A novel method of peritoneal resuscitation improves organ perfusion after hemorrhagic shock

El Rasheid Zakaria, Ryan T Hurt, Paul J Matheson, R Neal Garrison
American Journal of Surgery 2003, 186 (5): 443-8

BACKGROUND: After resuscitation from hemorrhagic shock, intestinal microvessels constrict leading to impairment of blood flow. This occurs despite restoration and maintenance of central hemodynamics. Our recent studies have demonstrated that topical and continuous exposure of the gut microvasculature to a clinical solution (Delflex; Fresenius Medical Care), as a technique of direct peritoneal resuscitation (DPR), reverses the postresuscitation vasoconstriction and hypoperfusion to a sustained dilation and hyperperfusion. We hypothesize that initiation of DPR simultaneously with resuscitation from hemorrhagic shock enhance organ blood flow to all tissues surrounding the peritoneal cavity as well as distant organs.

METHODS: Male Sprague-Dawley rats were anesthetized, intubated and cannulated for monitoring of hemodynamics and for withdrawal of blood. Rats were hemorrhaged to 50% of mean blood pressure for 60 minutes prior to resuscitation with shed blood plus 2 volumes of saline. Animals were randomized for intraperitoneal therapy with 30 mL saline (group 1, n = 9), or Delflex (group 2, n = 9). Whole organ blood flow was measured by colorimetric microsphere technique with phantom organ at baseline, after completion of resuscitation, and at 120 minutes postresuscitation. Replenishment of the dwelling intraperitoneal saline or Delflex was performed in (group 3, n = 8), and (group 4, n = 8), respectively at 90 minutes postresuscitation, and a single whole organ blood flow was performed at 120 minutes postresuscitation.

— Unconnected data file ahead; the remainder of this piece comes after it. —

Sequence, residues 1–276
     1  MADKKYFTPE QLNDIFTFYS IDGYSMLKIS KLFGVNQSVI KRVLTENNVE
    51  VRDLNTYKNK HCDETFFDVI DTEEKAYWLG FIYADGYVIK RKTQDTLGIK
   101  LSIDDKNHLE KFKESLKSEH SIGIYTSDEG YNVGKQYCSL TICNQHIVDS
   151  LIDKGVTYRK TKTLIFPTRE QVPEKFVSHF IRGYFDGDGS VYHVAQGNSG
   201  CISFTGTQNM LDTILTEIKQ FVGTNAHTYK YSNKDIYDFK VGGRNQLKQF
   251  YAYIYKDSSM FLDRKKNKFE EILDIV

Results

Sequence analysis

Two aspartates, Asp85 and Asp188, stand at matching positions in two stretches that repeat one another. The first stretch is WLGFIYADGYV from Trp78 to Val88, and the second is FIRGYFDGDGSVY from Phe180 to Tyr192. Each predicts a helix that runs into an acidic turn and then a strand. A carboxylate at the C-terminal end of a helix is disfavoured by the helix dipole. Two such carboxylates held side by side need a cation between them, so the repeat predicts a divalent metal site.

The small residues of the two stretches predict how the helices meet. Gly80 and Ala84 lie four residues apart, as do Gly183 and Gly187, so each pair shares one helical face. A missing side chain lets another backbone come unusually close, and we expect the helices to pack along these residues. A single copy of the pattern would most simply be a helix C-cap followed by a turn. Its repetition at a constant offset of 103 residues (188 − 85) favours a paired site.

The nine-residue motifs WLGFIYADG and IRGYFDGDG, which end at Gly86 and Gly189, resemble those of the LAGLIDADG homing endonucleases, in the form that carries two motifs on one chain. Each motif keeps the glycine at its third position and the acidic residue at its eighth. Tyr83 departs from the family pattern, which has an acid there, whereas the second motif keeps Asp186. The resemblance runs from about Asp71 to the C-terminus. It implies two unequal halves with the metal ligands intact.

RESULTS: Direct peritoneal resuscitation caused a significant increase in blood flow to the jejunum (35%), ileum (33%), spleen (48%), and pancreas (57%), whereas a marked increase in blood flow was detected in the lung (111%), psoas major muscle (115%), and diaphragm (132%), as compared with the saline treated animals in group 1. At 120 minutes postresuscitation, organ blood flow returned to the prehemorrhagic shock baseline level in all organs irrespective of peritoneal therapy. Replenishment of the intraperitoneal solution in group 3 and 4, enhanced blood flow to the liver, kidneys, and diaphragm.

CONCLUSIONS: Direct peritoneal resuscitation enhanced blood flow to organs incited in the pathogenesis of multiple organ failure that follows hemorrhagic shock.

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